So far in my explorations of Dust Tactics, I’ve written at length about just one element of the force a player has at his disposal — his grunts. But the infantry units in the game, whether protected by heavy armor or not, aren’t the whole focus of the game. To play well consistently, and to get the most enjoyment out of the game, you also need to work the game system’s vehicles and individual heroes into your battle plans.
Reflecting a World War II era style of classification, both sides have light, medium and heavy combat walkers. A single “chassis” is available for each class, but they feature a number of different customizable weapon fits. The Allied medium walker box set, for example, ships with four different configurations: a 17-pounder tank-killing long gun; a short 75mm howitzer; a wicked short-ranged napalm thrower and a nasty artillery version with a rack of bombardment rockets and a “petard” mortar. The weapons easily interchange by snapping on and off the walker’s turret.
So Phase 1 of figuring out vehicles is deciding which weapon configurations best suit the mission at hand. Unit point values will likely play some role in the decision, although many times it’s best to pick which vehicle (or vehicles) work best, then build the rest of the force to fit the remaining army points. Combat walkers have good armor ratings, can withstand multiple hits and pack a load of firepower. Note, though, that as a general rule they aren’t any more mobile than your squaddies. In fact, medium and heavy walkers can be outpaced by squads with the Fast skill, or by the Allied “jet pack” squads like the Tank Busters who have a Move rating of 2.
Allied players have a bit easier time configuring walkers because their weapon fits are more well-rounded. The Allied “Pounder”, for example, is primarily a tank killer with its 17-pounder gun. However, it also packs both a .50-cal and a .30-cal machinegun for anti-infantry work. In comparison, the Axis “Ludwig” with twin 88mm guns is 1 die deadlier against other walkers, but it also has just a single light machinegun. The Pounder’s .50-cal adds 3 dice against most infantry, which makes it much tougher to confront for Axis tank hunter squads.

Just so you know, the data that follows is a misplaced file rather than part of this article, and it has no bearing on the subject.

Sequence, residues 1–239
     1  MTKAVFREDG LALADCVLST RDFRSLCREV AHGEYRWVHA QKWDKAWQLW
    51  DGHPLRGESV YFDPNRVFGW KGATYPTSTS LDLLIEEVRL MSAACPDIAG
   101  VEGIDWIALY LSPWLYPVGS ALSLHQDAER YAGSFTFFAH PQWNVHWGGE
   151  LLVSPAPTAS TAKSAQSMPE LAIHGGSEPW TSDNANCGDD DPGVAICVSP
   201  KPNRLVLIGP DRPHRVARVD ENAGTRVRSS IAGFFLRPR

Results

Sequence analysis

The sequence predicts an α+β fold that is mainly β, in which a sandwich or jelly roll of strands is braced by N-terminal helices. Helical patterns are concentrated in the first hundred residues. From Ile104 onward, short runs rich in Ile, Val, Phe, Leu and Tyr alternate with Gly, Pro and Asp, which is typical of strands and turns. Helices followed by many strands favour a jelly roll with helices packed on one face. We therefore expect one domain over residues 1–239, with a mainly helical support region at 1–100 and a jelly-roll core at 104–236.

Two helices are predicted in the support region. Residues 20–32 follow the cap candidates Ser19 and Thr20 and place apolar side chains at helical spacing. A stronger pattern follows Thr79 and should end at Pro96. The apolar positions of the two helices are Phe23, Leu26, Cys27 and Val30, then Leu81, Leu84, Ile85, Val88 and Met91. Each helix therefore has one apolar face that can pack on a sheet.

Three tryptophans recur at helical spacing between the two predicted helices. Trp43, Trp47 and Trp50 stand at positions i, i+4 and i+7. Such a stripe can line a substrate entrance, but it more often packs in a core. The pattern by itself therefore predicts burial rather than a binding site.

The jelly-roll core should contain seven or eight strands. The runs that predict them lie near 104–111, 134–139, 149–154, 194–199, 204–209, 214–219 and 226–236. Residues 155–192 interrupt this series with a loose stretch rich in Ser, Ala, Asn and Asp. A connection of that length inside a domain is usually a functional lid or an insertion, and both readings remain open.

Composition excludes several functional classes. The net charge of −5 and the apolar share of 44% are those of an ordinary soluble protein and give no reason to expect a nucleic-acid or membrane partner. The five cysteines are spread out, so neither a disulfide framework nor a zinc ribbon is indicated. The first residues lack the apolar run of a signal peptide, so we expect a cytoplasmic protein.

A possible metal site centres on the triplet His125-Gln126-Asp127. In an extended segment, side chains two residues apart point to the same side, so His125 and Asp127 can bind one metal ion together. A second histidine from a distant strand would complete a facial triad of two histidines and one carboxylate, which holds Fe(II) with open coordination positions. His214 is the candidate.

Specialist configurations like artillery fits or the Allied napalm-thrower, are more situation-specific. Artillery doesn’t come into its own unless you have a squad with the Artillery Strike skill (basically a radio guy) in your lineup. Napalm weapons are close-range, which can make them sitting ducks against tank killers in open terrain. In scenarios with lots of restricted LOS, however, they can be positively deadly.
Heroes add yet another dimension to the game. In a lot of minis systems heroes, or individual figures, are super-charged killing machines. In Dust Tactics they seem more of a finesse element, or at least so far. All of them can suffer multiple wounds before taking a dirt nap, but their weapons typically aren’t that over-powered.
Heroes are more useful for how they can provide more punch to your squads of grunts. Under the DT rules, any special skill that a hero may have — say, the “Charge” skill, for example — can be applied to the squad he joins. Making use of that rule is the key to getting the most out of heroes. Adding a hero with Charge to a Fast squad, for example, allows them to use their full movement and then get in a free close combat attack. Assign a hero with the “Badass” skill to the BBQ Boys, and suddenly they have an unlimited supply of extremely deadly demolition charges.
The restrictions on which squads a hero may join help keep things in balance, and resolve some of the sticky issues that come up in other rules sets. A hero must have the same armor class and speed rating as the squad, or he can’t join up. Simple, and perhaps a bit restrictive, but it avoids a lot of problems with mixed armor ratings in combat and goofy issues like what to do about movement when assigning a standard “foot” hero to a jetpack squad.